Bird Flu Vaccines for Birds Launch Clinical Studies
The United States Department of Agriculture (USDA) recently announced it launched avian influenza vaccination clinic trials with animals in April 2023 to help mitigate the latest outbreak of highly pathogenic avian influenza (HPAI) in the United States.
The USDA's Agricultural Research Service (ARS) published Fact Sheet Release No. 0084.23, which confirmed researchers are currently testing several vaccine candidates.
As of April 14, 2023, the initial data from an animal study with a single dose of the vaccine are expected to be available in May 2023. And these researchers expect to have two-dose vaccine challenge studies with results in June 2023.
Should the trials be successful, and should USDA elect to continue vaccine development, the next step is identifying manufacturers interested in vaccine production.
Once one or more manufacturers are identified, there are 20 discrete stages to complete before vaccine delivery. These stages begin with feasibility work by the manufacturer and culminate with product label submission and review.
In a best-case scenario, the USDA estimates an 18-24 month timeline before having a vaccine that matches the currently circulating avian virus strain, is available in commercial quantities, and can be easily administered to commercial poultry.
However, manufacturers may expedite development in emergencies, resulting in a shortened timeframe for licensure.
"Since the first case of HPAI was confirmed in a commercial flock in the U.S. in Feb. 2022, the USDA has followed Secretary Vilsack's clear direction to identify cases and respond immediately to stop the virus from spreading," commented Acting Deputy Secretary Kevin Shea in a press release.
"Thanks to collaborative state and industry partnerships and enhanced national animal disease preparedness and response capabilities, we are successfully controlling this outbreak and mitigating its impact on U.S. poultry production and trade."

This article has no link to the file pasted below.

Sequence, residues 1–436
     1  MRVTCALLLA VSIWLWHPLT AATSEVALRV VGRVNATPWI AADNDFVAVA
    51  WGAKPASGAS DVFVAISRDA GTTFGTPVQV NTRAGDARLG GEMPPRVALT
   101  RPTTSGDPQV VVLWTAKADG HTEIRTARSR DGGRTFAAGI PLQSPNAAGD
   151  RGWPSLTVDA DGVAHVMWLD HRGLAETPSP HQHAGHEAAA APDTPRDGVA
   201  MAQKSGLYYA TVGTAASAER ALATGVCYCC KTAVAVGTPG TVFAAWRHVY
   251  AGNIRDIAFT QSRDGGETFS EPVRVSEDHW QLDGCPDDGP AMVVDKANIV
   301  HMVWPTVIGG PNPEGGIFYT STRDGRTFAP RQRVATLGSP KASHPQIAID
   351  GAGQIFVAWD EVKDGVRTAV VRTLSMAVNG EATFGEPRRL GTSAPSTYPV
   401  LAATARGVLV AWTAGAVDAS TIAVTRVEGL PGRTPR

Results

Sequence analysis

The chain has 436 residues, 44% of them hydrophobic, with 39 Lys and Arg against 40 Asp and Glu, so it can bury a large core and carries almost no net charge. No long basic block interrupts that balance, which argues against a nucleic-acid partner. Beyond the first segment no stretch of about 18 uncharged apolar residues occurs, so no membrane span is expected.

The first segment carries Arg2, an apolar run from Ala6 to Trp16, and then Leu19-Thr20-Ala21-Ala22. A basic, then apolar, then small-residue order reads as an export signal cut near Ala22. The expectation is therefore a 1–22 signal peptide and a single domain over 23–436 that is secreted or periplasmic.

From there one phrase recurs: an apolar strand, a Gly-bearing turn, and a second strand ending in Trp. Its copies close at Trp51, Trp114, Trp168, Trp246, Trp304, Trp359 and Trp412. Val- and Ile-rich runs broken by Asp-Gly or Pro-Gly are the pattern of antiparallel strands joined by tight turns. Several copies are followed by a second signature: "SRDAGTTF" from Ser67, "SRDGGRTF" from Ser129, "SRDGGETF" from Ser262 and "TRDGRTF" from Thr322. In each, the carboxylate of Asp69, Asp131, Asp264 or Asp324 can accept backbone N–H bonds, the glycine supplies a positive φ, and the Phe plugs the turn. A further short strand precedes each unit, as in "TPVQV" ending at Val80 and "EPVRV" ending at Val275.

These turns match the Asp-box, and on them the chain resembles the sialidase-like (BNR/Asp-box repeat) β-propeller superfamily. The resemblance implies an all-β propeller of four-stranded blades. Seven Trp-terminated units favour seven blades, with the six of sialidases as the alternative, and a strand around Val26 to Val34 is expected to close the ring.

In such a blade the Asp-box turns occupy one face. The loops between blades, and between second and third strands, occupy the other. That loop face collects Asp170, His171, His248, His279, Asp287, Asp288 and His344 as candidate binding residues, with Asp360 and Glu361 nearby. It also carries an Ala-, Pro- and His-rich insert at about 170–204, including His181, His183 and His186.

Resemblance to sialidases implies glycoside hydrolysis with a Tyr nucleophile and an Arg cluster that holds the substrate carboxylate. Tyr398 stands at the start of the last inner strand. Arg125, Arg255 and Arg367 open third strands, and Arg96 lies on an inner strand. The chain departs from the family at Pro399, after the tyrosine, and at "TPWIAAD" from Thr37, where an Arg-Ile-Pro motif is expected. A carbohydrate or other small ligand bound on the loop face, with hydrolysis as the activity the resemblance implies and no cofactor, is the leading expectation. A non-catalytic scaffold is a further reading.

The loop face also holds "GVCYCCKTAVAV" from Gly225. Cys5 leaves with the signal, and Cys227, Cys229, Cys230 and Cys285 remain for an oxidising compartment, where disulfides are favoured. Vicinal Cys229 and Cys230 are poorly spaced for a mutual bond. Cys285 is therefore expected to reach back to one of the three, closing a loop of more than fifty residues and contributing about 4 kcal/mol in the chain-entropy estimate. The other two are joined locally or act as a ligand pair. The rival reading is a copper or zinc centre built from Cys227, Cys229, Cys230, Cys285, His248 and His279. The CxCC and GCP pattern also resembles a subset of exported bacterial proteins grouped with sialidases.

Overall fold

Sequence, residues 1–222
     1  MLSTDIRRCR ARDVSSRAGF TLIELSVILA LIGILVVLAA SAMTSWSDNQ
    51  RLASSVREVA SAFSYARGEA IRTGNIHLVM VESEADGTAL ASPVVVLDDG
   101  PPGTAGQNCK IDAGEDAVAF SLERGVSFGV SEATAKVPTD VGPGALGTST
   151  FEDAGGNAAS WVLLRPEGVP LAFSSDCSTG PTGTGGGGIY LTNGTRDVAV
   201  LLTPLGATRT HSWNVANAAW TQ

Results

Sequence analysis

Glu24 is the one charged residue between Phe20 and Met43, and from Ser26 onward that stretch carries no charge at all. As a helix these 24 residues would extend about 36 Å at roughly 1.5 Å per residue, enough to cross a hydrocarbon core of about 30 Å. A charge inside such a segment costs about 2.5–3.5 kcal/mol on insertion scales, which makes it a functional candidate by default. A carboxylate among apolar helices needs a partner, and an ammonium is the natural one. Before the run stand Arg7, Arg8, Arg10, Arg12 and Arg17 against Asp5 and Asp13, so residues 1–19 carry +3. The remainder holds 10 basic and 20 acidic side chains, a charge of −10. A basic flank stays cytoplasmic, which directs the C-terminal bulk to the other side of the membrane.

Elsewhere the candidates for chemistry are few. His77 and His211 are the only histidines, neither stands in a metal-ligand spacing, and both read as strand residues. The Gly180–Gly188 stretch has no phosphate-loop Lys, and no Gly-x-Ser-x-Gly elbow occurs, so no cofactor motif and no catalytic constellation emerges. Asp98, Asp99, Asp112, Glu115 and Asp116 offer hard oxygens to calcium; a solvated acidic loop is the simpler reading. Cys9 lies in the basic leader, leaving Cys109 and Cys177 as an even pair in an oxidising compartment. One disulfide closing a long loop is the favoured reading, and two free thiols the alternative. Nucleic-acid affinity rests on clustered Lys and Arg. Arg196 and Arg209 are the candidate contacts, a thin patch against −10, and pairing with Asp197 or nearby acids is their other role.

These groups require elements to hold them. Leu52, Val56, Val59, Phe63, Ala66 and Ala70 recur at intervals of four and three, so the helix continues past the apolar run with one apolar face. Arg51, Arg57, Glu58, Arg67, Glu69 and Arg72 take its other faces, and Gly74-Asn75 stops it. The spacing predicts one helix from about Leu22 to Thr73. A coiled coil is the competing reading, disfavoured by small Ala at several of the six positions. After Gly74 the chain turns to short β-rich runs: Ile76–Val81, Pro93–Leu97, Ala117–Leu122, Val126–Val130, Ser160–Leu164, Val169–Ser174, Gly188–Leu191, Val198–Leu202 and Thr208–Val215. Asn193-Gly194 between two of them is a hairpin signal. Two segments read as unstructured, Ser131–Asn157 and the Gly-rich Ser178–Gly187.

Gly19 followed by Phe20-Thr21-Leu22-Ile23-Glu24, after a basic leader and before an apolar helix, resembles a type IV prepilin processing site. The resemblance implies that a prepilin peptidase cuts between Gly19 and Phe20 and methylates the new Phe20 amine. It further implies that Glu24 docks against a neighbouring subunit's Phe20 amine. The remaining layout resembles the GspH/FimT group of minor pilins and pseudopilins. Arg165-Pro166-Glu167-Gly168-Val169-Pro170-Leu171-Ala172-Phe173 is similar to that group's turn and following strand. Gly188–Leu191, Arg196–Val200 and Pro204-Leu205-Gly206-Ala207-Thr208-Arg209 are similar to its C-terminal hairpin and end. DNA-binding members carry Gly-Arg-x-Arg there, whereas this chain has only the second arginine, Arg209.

Many factors make implementing a vaccine strategy challenging, from vaccine development to production timelines to dissemination to flocks. It would take time to deliver an effective vaccine, wrote the USDA.
Marketing and Regulatory Programs Under Secretary Jenny Moffitt added, "All of these lessons learned have informed our current strategy of stamping out and eradicating HPAI – which continues to be the most effective strategy because it works."
"For example, during the 2014-2015 outbreak, 70% of HPAI cases were attributed to lateral spread."
"Whereas in this outbreak, the lateral spread has been reduced to 15%."
"But we must remain vigilant, especially as wild birds continue to pose disease risks. We all must recognize the important role biosecurity plays in limiting the impact of wild birds at farms and facilities."
As of March 30, 2023, H5N1 viruses (clade 184.108.40.206b) have been detected in various birds in 16 countries in Latin America, the Caribbean, the United States, Canada, and multiple other countries.
Eleven human influenza A H5N1 220.127.116.11b infections were reported globally during 2022-2023.
The U.S. Centers for Disease Control and Prevention Technical Report issued on March 17, 2023, confirmed the current risk to the public from HPAI A(H5N1) viruses remains low.
For people, the U.S. Food and Drug Administration authorized CSL Seqirus' Audenz™ monovalent cell-based vaccine in January 2020.
And the U.S. government has awarded additional bird flu vaccine candidate studies.